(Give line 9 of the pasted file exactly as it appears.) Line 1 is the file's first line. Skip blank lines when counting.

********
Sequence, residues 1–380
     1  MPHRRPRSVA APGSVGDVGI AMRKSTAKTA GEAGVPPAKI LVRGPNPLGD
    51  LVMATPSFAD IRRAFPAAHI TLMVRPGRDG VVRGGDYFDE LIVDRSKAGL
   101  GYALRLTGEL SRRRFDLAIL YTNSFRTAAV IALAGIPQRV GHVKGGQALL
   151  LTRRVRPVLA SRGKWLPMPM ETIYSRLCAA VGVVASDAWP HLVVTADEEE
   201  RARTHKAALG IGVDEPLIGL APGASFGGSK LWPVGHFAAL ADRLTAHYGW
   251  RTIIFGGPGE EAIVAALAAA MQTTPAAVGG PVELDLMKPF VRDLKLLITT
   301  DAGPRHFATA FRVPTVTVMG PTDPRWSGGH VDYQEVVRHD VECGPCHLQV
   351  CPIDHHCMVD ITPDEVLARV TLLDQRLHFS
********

   351  CPIDHHCMVD ITPDEVLARV TLLDQRLHFS